■ Write a lengthy paragraph describing Mrs. Mallard.
– Do not summarize the story. Your paragraph is a
character description.
Complex Characters in Realism
■ Complex characters in realist literature, like real people, react
to events in unpredictable ways.
■ Their behavior reveals multiple motives and conflicting traits,
and it evolves with time.
■ Realist characters are more believable because of these
qualities.
■ Mrs. Mallard -
Unreliable Narrators in Realism
Objective
■ In this lesson, you will evaluate how authors use
unreliable narrators and other literary techniques for
effect in realist literature.
Unreliable Narrators in Realism
Relying on a Narrator
■ When reading a story, audiences expect to be able to trust the
narrator and the events that the narrator describes. .
■ Sometimes, though, narrators have an unreliable or
untrustworthy perspective on the events in a story.
■ This limitation creates an unreliable narrator, or a narrator
whose story cannot be believed.
■ In that case, readers must judge for themselves which parts of
the narrative are true and which should be called into doubt.
■ The two main reasons that readers might doubt a narrator's
credibility are a lack of sophistication and a lack of sanity.
Unreliable Narrators in Realism
Types of Unreliable Narrators
■ In a story with an unsophisticated narrator, the first-person
account often comes from a child's point of view.
■ An example of an unsophisticated narrator comes from the
novel To Kill a Mockingbird by Harper Lee. Told from the point
of view of a young girl, Scout, living in a small town in the
1930s, the story focuses on racial tensions in the community.
■ The narrator does not understand why race is such a
contentious, or controversial, issue.
Unreliable Narrators in Realism
■ Types of Unreliable Narrators
■ Narrators who display a lack of sanity are also considered
unreliable because readers cannot be sure which events
actually take place and which occur only in the narrator's
imagination.
■ Recall the excerpt from Poe's "The Black Cat.” Is the mark on
the cat's chest actually growing, or is the change happening
only in the narrator’s mind?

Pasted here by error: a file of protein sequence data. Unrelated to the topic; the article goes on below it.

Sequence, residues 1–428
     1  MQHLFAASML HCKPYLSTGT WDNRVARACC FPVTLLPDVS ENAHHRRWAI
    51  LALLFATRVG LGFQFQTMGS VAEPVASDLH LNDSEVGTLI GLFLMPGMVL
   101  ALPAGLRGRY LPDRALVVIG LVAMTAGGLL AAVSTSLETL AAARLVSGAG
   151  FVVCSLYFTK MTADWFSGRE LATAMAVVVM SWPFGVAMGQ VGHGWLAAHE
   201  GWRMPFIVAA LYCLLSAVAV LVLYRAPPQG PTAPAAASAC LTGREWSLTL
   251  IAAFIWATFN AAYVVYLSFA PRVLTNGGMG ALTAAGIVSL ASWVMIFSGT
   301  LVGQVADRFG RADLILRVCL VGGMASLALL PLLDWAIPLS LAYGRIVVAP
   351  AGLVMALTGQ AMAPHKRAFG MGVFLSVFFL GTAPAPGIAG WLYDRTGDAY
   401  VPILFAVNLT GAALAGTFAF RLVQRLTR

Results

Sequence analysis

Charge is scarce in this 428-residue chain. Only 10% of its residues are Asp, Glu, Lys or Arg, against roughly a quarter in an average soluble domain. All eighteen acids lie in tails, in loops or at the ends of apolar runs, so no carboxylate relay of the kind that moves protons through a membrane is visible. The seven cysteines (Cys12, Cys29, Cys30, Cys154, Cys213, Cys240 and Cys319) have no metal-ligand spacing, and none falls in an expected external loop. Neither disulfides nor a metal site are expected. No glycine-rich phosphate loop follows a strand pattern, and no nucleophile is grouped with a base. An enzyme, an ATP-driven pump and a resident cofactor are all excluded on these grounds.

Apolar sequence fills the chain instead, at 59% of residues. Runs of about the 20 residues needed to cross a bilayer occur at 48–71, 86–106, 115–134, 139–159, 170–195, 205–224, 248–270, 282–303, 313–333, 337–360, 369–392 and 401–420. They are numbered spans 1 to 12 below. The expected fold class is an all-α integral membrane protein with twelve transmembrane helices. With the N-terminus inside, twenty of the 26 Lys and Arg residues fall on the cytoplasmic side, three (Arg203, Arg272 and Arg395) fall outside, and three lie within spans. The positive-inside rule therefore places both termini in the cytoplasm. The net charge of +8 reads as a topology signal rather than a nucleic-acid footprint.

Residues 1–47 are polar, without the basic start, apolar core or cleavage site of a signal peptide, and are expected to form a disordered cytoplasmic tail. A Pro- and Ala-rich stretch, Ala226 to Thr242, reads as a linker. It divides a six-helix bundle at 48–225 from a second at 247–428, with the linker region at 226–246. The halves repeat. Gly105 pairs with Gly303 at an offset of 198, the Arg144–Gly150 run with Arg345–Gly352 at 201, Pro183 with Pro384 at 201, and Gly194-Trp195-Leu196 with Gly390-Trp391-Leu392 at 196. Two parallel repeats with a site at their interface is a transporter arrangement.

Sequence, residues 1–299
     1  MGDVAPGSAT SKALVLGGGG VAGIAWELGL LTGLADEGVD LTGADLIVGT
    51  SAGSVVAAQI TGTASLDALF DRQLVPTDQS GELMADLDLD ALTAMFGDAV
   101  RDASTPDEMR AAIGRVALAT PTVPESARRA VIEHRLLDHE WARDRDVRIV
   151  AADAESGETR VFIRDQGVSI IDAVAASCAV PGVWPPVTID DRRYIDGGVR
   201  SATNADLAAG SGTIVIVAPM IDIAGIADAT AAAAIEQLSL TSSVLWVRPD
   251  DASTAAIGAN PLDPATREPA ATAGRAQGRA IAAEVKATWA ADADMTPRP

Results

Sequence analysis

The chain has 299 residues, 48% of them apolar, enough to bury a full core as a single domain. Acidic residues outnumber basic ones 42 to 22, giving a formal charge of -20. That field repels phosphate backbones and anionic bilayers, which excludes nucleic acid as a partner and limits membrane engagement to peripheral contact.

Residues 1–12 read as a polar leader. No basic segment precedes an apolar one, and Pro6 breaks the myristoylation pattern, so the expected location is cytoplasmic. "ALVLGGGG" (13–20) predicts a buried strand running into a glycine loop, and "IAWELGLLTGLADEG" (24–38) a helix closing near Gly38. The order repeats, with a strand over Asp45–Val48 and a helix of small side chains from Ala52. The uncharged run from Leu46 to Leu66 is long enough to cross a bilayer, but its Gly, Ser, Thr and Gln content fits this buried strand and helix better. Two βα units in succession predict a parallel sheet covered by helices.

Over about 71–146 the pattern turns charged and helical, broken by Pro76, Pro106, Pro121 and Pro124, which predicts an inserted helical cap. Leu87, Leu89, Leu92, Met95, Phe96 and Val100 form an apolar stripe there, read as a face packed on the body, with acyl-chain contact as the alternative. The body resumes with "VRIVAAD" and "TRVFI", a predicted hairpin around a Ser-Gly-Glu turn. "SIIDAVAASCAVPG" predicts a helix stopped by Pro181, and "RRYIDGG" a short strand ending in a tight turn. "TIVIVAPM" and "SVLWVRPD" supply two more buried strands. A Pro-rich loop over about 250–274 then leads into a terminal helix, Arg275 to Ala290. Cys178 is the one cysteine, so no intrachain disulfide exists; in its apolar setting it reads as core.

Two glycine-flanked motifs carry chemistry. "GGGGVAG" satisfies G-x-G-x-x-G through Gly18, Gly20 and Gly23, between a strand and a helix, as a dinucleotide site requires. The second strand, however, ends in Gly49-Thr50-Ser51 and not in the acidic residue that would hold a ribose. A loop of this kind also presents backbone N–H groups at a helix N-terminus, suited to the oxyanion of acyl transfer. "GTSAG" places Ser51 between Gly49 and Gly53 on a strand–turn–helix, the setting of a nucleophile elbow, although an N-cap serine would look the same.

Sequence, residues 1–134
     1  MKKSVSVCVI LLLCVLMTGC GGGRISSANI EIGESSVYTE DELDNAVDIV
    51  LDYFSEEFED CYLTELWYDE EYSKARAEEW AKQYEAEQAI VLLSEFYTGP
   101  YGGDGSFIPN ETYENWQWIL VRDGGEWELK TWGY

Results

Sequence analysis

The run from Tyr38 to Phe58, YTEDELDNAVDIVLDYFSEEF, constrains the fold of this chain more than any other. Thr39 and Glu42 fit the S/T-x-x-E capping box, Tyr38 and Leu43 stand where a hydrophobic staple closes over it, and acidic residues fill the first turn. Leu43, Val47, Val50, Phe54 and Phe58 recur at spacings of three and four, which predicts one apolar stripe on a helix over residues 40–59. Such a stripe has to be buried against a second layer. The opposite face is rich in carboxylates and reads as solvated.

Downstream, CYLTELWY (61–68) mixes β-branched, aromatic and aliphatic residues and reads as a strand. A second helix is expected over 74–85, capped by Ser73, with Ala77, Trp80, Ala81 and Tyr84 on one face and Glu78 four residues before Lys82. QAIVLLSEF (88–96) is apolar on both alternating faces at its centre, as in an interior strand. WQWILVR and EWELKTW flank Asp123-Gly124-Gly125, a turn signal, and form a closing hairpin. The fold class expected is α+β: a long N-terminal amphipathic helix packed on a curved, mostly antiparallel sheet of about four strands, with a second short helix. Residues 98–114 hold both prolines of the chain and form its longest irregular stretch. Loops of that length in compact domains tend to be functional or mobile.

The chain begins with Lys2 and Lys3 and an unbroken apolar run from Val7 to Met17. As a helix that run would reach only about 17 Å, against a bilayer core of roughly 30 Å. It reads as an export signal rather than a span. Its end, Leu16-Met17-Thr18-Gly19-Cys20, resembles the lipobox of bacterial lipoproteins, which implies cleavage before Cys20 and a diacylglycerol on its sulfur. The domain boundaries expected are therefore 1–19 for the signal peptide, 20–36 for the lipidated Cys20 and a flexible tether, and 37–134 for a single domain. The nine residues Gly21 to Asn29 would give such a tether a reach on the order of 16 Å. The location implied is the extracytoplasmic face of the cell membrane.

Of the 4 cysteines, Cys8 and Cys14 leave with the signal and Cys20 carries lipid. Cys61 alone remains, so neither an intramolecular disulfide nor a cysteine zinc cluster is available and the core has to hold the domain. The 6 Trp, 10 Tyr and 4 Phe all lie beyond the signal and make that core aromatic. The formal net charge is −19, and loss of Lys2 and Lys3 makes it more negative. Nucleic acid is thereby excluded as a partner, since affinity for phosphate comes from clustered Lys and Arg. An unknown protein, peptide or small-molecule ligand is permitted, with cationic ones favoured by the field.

■ Readers, recognizing that the narrator has shown signs of
insanity, must decide for themselves if the action is truly taking
place.
Unreliable Narrators in Realism
Effects of an Unreliable Narrator
■ Authors often use unreliable narrators to reveal truths about
human nature and society.
■ For instance, in To Kill a Mockingbird, Harper Lee's portrayal of
racism through the eyes of the young girl, Scout, serves to
show that the moral corruption of racism is evident even to a
child.
Humor in American Realism
Objective
■ In this lesson, you will identify and analyze
characteristics of satire and humor in realist
literature.
Humor in American Realism
Satire
■ Works of satire are written in a humorous way to point out
a flaw in society or a particular person.
■ American humor blossomed during the realist period, as
evidenced by writers such as Mark Twain and Charles
Farrar Browne.
■ Many characteristics of their writing, including using
ordinary characters and writing in the vernacular, or
common language, were also characteristics of realist
writing as a whole.
■ Twain wrote stories and novels satirizing racial relations,
various British customs, and class differences in the 1800s.
Humor in American Realism
Hyperbole
■ One technique many humorists employ is hyperbole, a
rhetorical device that exaggerates facts and details. Writers
use hyperbole to emphasize a point or to add humor based on
the absurdity or irrationality of the idea being exaggerated.
■ Consider the previous example from Browne's “Interview with
President Lincoln.” Where does it contain hyperbole?